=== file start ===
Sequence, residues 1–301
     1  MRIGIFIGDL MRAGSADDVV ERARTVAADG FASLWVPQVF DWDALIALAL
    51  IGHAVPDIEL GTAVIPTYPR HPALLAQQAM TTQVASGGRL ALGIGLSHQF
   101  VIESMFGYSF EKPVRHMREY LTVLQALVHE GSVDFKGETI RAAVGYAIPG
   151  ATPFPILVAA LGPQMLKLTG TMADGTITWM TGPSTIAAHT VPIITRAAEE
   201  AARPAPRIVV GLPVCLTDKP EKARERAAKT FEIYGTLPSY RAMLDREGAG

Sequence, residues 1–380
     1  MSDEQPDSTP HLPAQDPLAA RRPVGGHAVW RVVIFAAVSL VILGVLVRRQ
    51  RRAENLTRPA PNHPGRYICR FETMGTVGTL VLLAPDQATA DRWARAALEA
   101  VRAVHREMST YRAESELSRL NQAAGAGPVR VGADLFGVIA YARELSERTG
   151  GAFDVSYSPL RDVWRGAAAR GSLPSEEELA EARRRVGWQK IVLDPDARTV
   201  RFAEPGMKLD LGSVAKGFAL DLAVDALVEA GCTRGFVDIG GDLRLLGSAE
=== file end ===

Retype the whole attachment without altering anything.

Sequence, residues 1–301
     1  MRIGIFIGDL MRAGSADDVV ERARTVAADG FASLWVPQVF DWDALIALAL
    51  IGHAVPDIEL GTAVIPTYPR HPALLAQQAM TTQVASGGRL ALGIGLSHQF
   101  VIESMFGYSF EKPVRHMREY LTVLQALVHE GSVDFKGETI RAAVGYAIPG
   151  ATPFPILVAA LGPQMLKLTG TMADGTITWM TGPSTIAAHT VPIITRAAEE
   201  AARPAPRIVV GLPVCLTDKP EKARERAAKT FEIYGTLPSY RAMLDREGAG

Sequence, residues 1–380
     1  MSDEQPDSTP HLPAQDPLAA RRPVGGHAVW RVVIFAAVSL VILGVLVRRQ
    51  RRAENLTRPA PNHPGRYICR FETMGTVGTL VLLAPDQATA DRWARAALEA
   101  VRAVHREMST YRAESELSRL NQAAGAGPVR VGADLFGVIA YARELSERTG
   151  GAFDVSYSPL RDVWRGAAAR GSLPSEEELA EARRRVGWQK IVLDPDARTV
   201  RFAEPGMKLD LGSVAKGFAL DLAVDALVEA GCTRGFVDIG GDLRLLGSAE